AuthorVance, Katherine Therese.
AdvisorOrganist, James E.
MetadataShow full item record
PublisherThe University of Arizona.
RightsCopyright © is held by the author. Digital access to this material is made possible by the University Libraries, University of Arizona. Further transmission, reproduction or presentation (such as public display or performance) of protected items is prohibited except with permission of the author.
AbstractAnatomic, physiologic and pathologic findings suggest that the integrity of frontal lobe functioning may be compromised in people with Parkinson's disease. This disruption has been proposed to result in neuropsychological deficits similar to those seen in people with cortical frontal lobe lesions. In a number of studies, investigators report evidence of "frontal lobe" deficits (also termed problem solving deficits) in people with the disease. The exact nature of the impairment is as yet unclear. This study employs the Wisconsin Card Sorting Test (WCST) and the Controlled Oral Word Association Test, previously reported as sensitive measures of problem solving deficits in Parkinson's disease. It also uses the California Sorting Test, previously administered to people with cortical frontal lobe lesions and leading to reports of perseverative errors. As yet, there has been no reported use of this test with PD subjects to the best of my knowledge. The three tests were administered to 19 subjects with Parkinson's disease and 19 demographically matched control subjects. Results of analyses of the WCST scores appeared similar to previous reports, that is, there was a significant difference between PD subjects and controls. Scores on the Controlled Word Association Test were similar between groups on semantic categories and significantly different when letters only were used. Scores on the California Sorting Test were similar between groups on all measures of correct responses, but significantly different in measures of perseverations on the free sorting condition. These results were interpreted as showing further evidence for the Brown and Marsden model of "internal cue" deficit. When sorting under varying degrees of structure and external cues, it was found that the more outside-imposed structure and the more external cues, the more the two groups scored alike. By contrast, the more unstructured the condition, the more the PD group showed impairment.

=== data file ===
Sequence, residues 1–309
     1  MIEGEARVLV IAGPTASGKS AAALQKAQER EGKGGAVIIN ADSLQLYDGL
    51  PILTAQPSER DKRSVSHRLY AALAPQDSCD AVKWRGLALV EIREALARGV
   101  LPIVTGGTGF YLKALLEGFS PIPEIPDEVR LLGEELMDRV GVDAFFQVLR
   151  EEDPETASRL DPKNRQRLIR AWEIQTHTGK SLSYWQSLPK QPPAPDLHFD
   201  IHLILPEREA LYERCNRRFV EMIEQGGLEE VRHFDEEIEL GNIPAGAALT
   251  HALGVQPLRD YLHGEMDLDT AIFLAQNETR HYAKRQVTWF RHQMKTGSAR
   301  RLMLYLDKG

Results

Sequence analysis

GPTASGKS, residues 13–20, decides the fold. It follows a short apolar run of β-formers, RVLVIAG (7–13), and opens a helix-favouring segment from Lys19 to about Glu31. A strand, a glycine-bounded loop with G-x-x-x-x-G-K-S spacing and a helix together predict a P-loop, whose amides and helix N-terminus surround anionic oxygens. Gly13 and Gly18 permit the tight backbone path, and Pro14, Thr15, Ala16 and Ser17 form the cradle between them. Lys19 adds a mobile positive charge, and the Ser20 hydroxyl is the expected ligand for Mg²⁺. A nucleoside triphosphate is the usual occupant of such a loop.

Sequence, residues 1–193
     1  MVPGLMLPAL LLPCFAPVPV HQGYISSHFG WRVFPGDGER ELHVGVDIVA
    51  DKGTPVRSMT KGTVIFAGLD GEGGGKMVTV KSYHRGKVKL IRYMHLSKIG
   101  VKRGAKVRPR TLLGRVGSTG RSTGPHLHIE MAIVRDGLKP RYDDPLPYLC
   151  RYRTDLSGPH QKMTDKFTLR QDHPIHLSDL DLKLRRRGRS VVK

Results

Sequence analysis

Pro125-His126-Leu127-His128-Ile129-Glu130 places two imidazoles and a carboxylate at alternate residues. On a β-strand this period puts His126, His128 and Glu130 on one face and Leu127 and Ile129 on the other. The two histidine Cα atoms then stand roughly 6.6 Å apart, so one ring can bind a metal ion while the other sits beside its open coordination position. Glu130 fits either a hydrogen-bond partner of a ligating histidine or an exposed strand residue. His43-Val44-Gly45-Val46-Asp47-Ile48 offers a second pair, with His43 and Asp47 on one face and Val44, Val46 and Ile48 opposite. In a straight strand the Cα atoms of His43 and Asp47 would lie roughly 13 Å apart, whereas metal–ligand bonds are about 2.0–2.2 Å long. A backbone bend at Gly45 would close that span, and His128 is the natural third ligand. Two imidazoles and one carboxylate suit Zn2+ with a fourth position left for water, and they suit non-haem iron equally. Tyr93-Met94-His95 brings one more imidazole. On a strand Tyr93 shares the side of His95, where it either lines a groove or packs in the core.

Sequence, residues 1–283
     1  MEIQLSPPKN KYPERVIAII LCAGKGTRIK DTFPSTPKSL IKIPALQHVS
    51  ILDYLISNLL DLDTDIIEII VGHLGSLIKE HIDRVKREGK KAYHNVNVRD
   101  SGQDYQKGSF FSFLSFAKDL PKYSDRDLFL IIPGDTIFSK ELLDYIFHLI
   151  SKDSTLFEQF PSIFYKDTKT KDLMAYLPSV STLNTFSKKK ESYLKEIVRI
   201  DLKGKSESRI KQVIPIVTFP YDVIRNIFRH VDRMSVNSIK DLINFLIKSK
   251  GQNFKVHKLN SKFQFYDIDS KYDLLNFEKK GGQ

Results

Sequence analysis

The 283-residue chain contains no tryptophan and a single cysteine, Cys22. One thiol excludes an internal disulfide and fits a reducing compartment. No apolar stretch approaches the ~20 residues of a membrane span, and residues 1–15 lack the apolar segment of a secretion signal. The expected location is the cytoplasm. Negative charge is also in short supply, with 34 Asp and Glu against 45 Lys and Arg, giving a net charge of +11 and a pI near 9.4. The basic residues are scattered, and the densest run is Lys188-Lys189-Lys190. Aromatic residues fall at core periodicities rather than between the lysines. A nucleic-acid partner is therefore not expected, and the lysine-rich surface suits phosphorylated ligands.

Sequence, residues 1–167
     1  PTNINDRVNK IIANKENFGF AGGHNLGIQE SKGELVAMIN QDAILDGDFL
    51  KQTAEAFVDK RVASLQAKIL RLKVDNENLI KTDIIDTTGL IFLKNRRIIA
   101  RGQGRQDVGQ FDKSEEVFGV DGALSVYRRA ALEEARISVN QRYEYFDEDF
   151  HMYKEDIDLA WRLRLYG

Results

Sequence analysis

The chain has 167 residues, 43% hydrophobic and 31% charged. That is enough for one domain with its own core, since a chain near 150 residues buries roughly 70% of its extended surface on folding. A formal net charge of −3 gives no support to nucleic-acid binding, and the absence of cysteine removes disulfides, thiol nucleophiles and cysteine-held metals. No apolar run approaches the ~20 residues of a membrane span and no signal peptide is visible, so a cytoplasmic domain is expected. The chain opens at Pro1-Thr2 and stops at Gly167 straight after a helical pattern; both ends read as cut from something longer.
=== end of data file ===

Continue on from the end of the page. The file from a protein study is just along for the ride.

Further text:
Degree ProgramEducational Foundations and Administration